Interview: API-driven Branding with Google Plus

Expion, a Social Media Management System (SMMS) company, specializes in helping companies manage their brand images on social networks, from Facebook to Youtube to Twitter, often relying on partners' APIs to pull of some of their more interesting feats. Most recently, it was chosen by Google as a Google Plus API partner for the brand-focused Pages feature.

Expion focuses on content planning, campaign management, and fan moderation. among other areas. They've become adept at using APIs supplied by social media partners to manipulate and deliver data that their clients and their clients' brands need to stay on top. As an example that preceded the Google Plus arrangement, in July, Expion announced it began using Facebook's API to become the first company to market with geo-targeted Wall photos. This allows Expion's clients to do things like target movie ads only to people in the location where a theater is showing the movie, or to let a multi-location clothing store like Old Navy announce local events only to those within the event's surrounding area. The name of the game in this instance is to heighten the relevance of ads to the recipients while eliminating delivery to those customers who can't possibly use them. Ads for fun activities to loyal fans who aren't in the area could be not just annoying but corrosive. The Facebook API eliminates that.

Expion's partnership with Google Plus is another example of how it uses the APIs of social media company's to further its clients' brands.

But this isn't just about, or even mainly about sticking the right ads onto the screens of the right customers. Expion's goal with Google Plus is to integrate features into their product suite in order to help brands connect better with Google users.

As Expion notes about its partnership with Google Plus from the press release,

"With Google Plus Pages, millions of businesses and brands are now connecting with their followers in meaningful ways online. Expion will provide content management, moderation and extensive metrics that will allow brands to maximize their presence and engagement on Google Plus. "We're excited to apply our extensive experience in developing content management systems to help brands build their presence on Google Plus," said Peter Heffring, Founder and CEO, Expion. "We've been working with Google to bring high quality Google Plus integrations into our product suite and we look forward to helping brands better connect with Google users." Expion is available as a social media management solution for Google Plus Pages immediately. With the addition of Google Plus Pages, Expion allows brands to manage and monitor their presence on today's most popular social platforms, including Facebook, Twitter and YouTube."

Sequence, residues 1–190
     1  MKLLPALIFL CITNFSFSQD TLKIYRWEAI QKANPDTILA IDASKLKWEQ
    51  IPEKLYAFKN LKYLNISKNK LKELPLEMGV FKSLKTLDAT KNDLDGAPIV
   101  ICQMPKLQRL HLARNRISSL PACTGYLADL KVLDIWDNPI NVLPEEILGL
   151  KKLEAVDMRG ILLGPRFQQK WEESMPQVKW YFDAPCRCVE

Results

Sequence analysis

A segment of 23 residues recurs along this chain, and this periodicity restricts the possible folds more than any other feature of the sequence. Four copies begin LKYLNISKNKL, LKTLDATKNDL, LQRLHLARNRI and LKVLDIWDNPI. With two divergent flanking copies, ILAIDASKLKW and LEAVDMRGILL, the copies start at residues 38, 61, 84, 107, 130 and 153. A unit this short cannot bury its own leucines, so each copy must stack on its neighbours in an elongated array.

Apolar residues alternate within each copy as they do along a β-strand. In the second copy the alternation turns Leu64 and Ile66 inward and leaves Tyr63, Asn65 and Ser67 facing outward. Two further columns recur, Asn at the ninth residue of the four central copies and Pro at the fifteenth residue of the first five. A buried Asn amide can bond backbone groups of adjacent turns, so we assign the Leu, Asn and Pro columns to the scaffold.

In this exclusive email interview, Programmableweb discussed the opportunities and pitfalls of social media for brands, and Expion's role in that arena, with its CEO and co-founder, Peter Heffring.

Greg Bates: Facebook, Twitter and Google Plus are all in the same world of social media yet are used very differently. How does adding Google Plus to your services change what your clients can do with their customers and fans?

Peter Heffring: Google Plus is the only Platform to allow groups of people to be created via circles, and this is a powerful targeting tool for brands because they can push relevant content to specific audiences which leads to higher engagement. If Google fully integrates Google Plus with Places and local search, it will allow our clients with multiple locations to extend the social reach of each location with consumers as they search – this would be huge differentiator.

Google Plus will also become integral to SEO and SEM initiatives for keywords. Facebook is very much about newsfeed disruption for a brand that is trying to catch consumers’ attention with sharable content. For smart brands, Google Plus should become as much about using keyword rich content to bring people to your Google Plus Page or resources. Just as websites have SEO/SEM enhancements, smart companies will also look to the dynamic content of Google Plus updates to help consumers discover relevant content. Also, the localization will aid in mobile as time goes by. Facebook is focused more on sharing, rather than finding relevant content which is a focus for Google Plus.

GB: A lot of what Expion offers companies in the social media space is self-explanatory: campaign management, content planning and fan moderation. But what are "business insights" as you use the term, and how does Expion provide or enhance them?

PH: Expion provides business insights to companies through the aggregation and distribution of data. This data includes metrics and reporting (fan reach, fan engagement, customer response time); alerts and triggers (real time updates on posts, campaigns or key words); and competitive benchmarking (top performing posts, most fan actions, etc.) By maintaining and storing this data, brands are able to track how they measure up against both competitive and aspirational brands and identify the most engaging content socially.